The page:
Fashion Rahul Mishra pays an ode to Pochampally, giving a new spin to the ancient art while staying true to its ethos. Sangeetha Devi Dundoo reports

A nippy evening, the best of models from the city, the Taj Falaknuma Palace as the backdrop… the setting was perfect. What made the evening come alive was designer Rahul Mishra's collection in Pochampally. Through this line created for Taj Khazana, Rahul used silk and cotton and tried to recreate the richness and feel of the Hans-Atlas fabric — a multi-hued hand woven and hand dyed ikat fabric that was in vogue in Central Asia in the early 19th century. The collection featured saris, structured coats, dresses, tops, flowy skirts, wraps and kaftans. As the silhouette varied from Indian to western, it was his use of Pochampally that defined the collection.

“Ikat is a celebration of colour. The craft is a rage this season, both nationally and internationally. I could have easily made 10 lehengas and sold them since this is the wedding season. But I've always been drawn by traditional weaves and crafts. In this collection, I wanted ikat to lead the way. And this is just the beginning of my tryst with ikat,” a beaming Rahul Mishra told us in an interview post the show.

He worked with the artisans for nearly six months, researched the craft and says, “One is used to seeing traditional geometric patterns in Pochampally. But we used motifs like leaves, flowers, buds and peacocks.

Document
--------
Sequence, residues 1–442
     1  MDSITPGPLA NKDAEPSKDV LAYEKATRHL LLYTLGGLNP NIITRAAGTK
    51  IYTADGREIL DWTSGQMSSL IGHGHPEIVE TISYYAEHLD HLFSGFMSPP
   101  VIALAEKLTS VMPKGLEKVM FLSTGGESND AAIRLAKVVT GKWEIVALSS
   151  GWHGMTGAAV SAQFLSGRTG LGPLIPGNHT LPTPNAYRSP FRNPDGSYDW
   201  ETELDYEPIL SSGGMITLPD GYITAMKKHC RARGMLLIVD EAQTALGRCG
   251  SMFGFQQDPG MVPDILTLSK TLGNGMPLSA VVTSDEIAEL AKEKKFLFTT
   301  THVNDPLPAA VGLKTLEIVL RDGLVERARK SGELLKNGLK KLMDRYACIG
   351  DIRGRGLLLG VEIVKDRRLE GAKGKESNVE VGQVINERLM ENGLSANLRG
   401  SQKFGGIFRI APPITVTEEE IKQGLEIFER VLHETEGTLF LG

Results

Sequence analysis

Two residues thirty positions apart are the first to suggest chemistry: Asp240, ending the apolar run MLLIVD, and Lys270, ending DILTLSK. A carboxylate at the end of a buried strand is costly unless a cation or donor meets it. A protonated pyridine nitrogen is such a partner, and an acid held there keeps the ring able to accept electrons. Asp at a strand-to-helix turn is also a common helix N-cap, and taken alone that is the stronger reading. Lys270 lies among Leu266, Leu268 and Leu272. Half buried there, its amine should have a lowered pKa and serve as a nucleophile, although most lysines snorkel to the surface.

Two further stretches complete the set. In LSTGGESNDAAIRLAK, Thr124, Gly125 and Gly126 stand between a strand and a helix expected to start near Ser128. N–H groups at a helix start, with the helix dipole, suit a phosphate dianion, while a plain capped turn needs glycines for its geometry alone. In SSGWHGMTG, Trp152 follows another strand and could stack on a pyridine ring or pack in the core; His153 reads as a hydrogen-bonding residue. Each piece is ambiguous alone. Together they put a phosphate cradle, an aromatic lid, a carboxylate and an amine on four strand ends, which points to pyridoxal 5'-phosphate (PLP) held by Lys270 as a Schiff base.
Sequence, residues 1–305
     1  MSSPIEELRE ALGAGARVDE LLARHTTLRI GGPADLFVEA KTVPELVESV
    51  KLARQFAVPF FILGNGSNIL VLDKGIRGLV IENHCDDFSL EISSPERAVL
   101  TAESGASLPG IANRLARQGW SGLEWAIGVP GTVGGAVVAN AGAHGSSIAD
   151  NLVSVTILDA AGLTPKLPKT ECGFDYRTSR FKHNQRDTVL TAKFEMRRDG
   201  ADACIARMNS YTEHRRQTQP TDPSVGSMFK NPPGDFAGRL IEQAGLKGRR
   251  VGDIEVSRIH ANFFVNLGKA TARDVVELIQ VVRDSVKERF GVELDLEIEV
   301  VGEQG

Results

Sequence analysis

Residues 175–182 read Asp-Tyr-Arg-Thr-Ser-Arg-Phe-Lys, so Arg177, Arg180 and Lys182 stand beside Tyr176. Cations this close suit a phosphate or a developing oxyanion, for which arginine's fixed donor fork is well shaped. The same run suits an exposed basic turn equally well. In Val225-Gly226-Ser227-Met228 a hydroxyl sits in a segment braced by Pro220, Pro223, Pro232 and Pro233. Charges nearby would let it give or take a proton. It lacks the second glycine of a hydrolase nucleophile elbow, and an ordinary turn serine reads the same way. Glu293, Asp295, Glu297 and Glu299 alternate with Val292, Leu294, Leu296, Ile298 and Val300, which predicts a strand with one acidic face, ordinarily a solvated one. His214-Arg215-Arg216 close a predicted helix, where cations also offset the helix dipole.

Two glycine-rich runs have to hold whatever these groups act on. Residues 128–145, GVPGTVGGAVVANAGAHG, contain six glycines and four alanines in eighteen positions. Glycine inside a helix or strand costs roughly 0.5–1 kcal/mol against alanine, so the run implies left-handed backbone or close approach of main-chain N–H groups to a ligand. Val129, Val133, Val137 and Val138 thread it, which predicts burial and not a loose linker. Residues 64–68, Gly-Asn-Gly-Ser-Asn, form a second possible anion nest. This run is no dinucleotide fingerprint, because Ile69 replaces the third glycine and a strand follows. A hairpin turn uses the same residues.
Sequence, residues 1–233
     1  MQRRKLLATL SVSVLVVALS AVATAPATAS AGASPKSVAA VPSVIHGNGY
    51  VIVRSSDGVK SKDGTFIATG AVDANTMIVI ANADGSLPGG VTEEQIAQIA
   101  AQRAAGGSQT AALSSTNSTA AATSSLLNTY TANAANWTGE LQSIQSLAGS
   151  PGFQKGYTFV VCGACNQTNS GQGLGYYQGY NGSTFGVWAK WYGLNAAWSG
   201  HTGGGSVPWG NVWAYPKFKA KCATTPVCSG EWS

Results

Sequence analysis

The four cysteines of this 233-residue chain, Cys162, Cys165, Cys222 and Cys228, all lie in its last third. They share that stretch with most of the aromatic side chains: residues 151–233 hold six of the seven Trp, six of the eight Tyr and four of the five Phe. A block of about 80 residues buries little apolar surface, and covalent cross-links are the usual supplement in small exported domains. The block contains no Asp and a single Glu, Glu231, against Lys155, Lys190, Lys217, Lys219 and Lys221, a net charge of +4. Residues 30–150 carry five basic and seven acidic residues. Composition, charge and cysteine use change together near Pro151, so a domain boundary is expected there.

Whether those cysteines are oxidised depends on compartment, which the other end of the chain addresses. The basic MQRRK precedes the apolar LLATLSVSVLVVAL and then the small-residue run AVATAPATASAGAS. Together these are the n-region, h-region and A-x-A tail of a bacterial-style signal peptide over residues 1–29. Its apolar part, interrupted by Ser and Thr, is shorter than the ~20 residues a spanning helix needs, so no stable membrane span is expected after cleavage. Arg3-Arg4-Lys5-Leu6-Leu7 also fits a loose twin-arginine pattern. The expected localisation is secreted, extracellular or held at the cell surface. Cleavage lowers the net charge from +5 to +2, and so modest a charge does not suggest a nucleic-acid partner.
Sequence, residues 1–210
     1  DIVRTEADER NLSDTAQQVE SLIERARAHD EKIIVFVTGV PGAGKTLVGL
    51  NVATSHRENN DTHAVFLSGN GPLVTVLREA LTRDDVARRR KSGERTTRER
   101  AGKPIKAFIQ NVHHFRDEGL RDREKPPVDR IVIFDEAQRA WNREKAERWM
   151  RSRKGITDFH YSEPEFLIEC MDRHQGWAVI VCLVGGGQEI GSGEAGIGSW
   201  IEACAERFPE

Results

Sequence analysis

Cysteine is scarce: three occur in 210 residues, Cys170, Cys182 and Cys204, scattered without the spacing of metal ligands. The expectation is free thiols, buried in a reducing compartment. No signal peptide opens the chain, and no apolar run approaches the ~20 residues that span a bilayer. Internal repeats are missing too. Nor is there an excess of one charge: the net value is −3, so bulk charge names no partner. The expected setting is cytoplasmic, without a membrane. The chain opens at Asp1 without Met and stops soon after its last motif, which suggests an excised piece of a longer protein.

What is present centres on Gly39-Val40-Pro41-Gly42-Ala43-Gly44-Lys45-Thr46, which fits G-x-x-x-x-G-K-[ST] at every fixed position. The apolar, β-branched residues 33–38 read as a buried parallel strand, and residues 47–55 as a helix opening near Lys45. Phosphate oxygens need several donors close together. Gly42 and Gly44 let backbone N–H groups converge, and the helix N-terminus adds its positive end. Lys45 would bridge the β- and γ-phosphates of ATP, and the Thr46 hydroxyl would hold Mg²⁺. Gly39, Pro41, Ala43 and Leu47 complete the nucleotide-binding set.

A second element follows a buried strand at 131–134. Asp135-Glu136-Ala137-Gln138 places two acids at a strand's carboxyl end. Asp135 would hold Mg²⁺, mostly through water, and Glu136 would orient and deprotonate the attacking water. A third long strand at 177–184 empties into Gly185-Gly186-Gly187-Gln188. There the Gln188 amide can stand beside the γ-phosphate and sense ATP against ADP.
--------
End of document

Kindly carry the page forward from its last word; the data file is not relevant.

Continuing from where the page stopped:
The use of flowers on white fabric looks so subtle and beautiful but required the highest degree of skill from the weavers. Ikat involves so much detailing in the yarn.” Rahul's interest in crafts harks back to his humble beginnings. Born in Malhausi village near Kanpur, he did his bachelors degree in Physics from the Kanpur University before doing his masters at the National Institute of Design. He won the student of the year award at NID, which earned him a scholarship to Istituto Marangoni, Milan. The exposure opened his world to European fashion but Rahul found his calling in Indian weaves. “I started my journey with Kerala weaves, including the set mundu, and then worked on Banarasi, Maheshwari and Chanderi collections. It's a pan-Indian journey,” he smiles.